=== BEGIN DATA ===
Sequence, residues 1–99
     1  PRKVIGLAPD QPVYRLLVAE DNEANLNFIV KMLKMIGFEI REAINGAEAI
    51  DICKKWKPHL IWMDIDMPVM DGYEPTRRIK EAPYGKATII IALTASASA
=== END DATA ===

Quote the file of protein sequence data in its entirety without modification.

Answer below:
Sequence, residues 1–99
     1  PRKVIGLAPD QPVYRLLVAE DNEANLNFIV KMLKMIGFEI REAINGAEAI
    51  DICKKWKPHL IWMDIDMPVM DGYEPTRRIK EAPYGKATII IALTASASA